Sunday, October 22, 2017

Two humiliating negatives

The door no longer creaked as it had done in her father's time; it opened quietly, but she was immediately and simultaneously aware of both past and present, of the smooth movement of the door and the creak that was no longer there. She shivered under the eiderdown. Two humiliating negatives.
Iza's Ballad, by Magda Szabó, is an achingly beautifully sad novel.

The title of the book is somewhat misleading. It's about the people that surround Iza, and while this helps create a picture of the life she moves through, we never get to know her intimately. Which is, perhaps, the point.

Translator George Szirtes explains in his introduction (I've learned to save these for after I read the novel — if they don't contain outright spoilers, they can very much colour your perception of the work) that the Hungarian title is Pilátus, the reasons for which I won't go into here. The English title sets a different expectation, and I'm not sure it's much better.

I picked up Iza's Ballad expecting to learn something about myself. After all, my name is Iza too, at least in some circles. For the most part, it's the story of how Iza, a successful doctor, divorced, brings her aging mother to live with her in the big city after her father dies. I have an aging mother too.

Iza is good person. She always does the right thing. Textbook. The world is her problem to solve. She views her mother as a patient more than as a person.

Her mother, Ettie, referred to mostly as "the old woman," loves her daughter dearly, doesn't want to hurt her feelings, respects her judgement, and, above all, trusts her (whom else can she trust?) — Iza always knows what to do, she's so clever.

It's heartbreaking to see these two women working at cross-purposes, both well-intentioned, both trying to do the best for the other, and failing miserably. It's a massive failure of communication, as well as a failure of courage on Ettie's part and a failure of understanding on Iza's.

We're treated also to portraits of Iza's father Vince, a former judge whose career fell victim to censure; her ex-husband Antal, an orphan, now a doctor in her small hometown; Lidia, his new love interest, a nurse who sat by Vince's deathbed; Domokos, a writer, Iza's would-be suitor; and other minor characters who flit through their lives, both in Budapest and in the villages. These people are so fully and compassionately drawn.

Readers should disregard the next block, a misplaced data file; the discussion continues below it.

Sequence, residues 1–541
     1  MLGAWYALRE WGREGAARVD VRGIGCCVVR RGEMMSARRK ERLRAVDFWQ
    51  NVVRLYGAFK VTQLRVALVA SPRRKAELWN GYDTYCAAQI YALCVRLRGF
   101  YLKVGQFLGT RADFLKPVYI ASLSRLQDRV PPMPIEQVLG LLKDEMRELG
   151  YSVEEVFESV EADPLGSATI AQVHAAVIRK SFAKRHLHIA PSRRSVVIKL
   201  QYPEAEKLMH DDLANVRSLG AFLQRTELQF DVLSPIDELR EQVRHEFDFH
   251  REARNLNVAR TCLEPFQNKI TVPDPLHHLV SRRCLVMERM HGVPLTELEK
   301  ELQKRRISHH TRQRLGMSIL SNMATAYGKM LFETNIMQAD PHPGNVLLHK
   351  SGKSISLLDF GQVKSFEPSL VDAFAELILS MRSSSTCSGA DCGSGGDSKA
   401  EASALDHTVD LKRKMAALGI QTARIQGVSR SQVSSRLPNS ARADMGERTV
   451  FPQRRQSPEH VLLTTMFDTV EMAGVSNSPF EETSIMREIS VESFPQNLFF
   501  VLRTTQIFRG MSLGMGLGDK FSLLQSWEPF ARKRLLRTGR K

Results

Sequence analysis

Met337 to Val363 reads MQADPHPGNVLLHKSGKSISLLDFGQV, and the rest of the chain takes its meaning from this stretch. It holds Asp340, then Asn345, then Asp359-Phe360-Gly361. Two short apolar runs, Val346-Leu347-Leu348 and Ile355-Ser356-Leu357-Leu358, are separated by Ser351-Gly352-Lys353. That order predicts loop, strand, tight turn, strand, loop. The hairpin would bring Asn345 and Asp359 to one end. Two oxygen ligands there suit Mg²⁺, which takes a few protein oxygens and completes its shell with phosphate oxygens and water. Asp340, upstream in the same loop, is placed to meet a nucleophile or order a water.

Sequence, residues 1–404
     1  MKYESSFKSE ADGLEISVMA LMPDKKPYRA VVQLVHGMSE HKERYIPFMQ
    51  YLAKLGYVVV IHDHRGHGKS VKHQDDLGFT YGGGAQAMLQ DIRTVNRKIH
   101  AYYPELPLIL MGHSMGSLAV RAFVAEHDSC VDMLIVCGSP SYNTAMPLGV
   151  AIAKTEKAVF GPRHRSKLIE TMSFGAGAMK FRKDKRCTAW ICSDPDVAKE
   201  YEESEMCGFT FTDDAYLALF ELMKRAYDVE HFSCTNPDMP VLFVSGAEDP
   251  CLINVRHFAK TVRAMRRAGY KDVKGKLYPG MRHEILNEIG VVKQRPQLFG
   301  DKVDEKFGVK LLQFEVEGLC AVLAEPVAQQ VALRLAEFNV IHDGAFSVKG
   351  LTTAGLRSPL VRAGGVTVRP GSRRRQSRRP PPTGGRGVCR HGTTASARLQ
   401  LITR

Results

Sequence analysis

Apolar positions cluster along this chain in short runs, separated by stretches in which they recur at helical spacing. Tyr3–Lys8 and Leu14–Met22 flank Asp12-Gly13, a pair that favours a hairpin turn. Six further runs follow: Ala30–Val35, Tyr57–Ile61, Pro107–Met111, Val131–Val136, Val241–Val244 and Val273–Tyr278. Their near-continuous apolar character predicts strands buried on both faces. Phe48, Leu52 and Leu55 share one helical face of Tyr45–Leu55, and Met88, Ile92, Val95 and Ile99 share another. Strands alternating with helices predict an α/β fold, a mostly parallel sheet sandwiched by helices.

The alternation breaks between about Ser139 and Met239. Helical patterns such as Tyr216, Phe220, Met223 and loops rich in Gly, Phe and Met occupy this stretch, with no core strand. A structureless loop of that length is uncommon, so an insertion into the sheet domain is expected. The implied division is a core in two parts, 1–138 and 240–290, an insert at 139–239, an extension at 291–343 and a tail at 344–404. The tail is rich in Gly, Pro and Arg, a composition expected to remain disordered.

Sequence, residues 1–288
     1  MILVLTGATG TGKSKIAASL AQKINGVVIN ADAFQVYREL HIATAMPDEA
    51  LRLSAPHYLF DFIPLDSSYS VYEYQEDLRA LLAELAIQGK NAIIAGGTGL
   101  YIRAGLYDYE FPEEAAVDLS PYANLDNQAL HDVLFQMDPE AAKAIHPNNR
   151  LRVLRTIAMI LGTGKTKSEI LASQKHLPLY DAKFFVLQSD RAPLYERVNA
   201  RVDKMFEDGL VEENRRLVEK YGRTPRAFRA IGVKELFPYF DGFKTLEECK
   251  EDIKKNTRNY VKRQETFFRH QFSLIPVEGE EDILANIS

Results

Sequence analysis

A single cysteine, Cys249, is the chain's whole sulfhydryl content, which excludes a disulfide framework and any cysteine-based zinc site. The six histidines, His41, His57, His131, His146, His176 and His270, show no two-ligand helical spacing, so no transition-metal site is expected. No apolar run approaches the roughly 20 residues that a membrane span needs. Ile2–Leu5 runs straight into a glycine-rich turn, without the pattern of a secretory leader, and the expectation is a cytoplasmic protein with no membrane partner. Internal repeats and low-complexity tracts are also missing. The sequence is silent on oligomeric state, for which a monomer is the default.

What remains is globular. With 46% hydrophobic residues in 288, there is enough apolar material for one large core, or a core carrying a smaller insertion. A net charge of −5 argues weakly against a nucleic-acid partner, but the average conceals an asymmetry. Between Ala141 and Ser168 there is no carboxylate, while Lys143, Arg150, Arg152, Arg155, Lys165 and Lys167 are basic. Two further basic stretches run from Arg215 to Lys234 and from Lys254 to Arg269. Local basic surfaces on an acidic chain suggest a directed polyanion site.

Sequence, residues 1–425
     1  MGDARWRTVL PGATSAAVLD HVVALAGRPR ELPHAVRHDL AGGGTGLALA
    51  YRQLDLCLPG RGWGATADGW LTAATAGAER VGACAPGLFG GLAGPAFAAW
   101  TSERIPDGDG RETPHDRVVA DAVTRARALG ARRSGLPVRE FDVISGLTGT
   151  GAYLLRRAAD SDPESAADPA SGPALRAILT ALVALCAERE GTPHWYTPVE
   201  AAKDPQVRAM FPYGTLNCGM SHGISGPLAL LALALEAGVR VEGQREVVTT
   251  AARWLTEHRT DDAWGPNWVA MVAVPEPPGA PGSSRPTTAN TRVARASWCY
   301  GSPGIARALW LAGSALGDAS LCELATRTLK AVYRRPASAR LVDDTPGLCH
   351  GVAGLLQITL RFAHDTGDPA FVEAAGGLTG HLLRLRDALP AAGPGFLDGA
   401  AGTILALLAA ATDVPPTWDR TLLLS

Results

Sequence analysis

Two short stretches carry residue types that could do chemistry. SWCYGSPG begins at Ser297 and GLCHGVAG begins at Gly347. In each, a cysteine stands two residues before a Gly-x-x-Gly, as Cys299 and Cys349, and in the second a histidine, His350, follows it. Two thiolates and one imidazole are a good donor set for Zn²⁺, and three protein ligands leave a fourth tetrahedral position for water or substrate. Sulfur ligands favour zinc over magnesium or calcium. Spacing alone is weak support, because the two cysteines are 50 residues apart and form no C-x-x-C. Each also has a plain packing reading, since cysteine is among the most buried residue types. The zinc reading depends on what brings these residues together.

The eponymous ballad is not simply a poetic rendering to tell us this is Iza's story; there is an actual folksong at the heart of her character, one so sad, she could not bear to hear how it ended.

[I could find no trace of this particular song, words by Bajza József, but I imagine it is something like this one.]
"Good Lord," thought Lidia, "how exhausted she must be with that constant self-discipline, that need to save not only her family but the whole world. How hard to live with the hardness of heart that dares not indulge itself by grieving over dead virgins! The poor woman believes that old people's pasts are the enemy. She has failed notice how those pasts are explanations and values, the key to the present."
Beyond that, Iza's Ballad is about our idea of home — is it our stuff? the people? And what when our belongings and our loved ones are gone? Sometimes it really is a place, but it's a half-remembered, half-imagined place. It may be a seemingly random, inconsequential place imbued with only half-real memories and meaning.

The original Hungarian title would appear to be a harsh condemnation of Iza. I prefer to take pity on her. She is after all, her mother's daughter.

I read Szabó's The Door last year and thought it was brilliant. I was delighted to learn that Iza's Ballad was available in English. I was devastated to realize that Szabó died ten years ago, and thus only a finite number of her works will ever be available to me. I'll be looking up the recently released Katalin Street shortly.

Reviews Worth Reading
The Globe and Mail: In Iza’s Ballad, Magda Szabo delivers a compelling parable of mid-20th century progress:
But Iza's Ballad relies on contrasts; Ettie exists fundamentally in relation, and opposition, to her daughter. [...] It is more of a study of the spaces between people, and what those represent.
New York Times: In Magda Szabo's Novel, a Widow Is Uprooted From What She Loves (Lauren Groff):
Szabo excels at summoning the delicate and wordless spaces between people who love each other; as the book goes on, the emotional layers build quietly and almost unbearably. You feel tragedy amassing, somehow, out of ineffable wisps of feeling.
Anomaly: Stumbling Toward Affection: On Magda Szabó’s Iza’s Ballad:
Absent antagonists and filled with loving, goodhearted characters, Szabó’s novel might be confused for that of an idealist, were it not for its characters’ muted and pervasive despair. Without evil men to blame, we must study the protagonists’ frustrations, see in them our own, and consider how one can look at others and perceive them as more than manifestations of vitals and symptoms.

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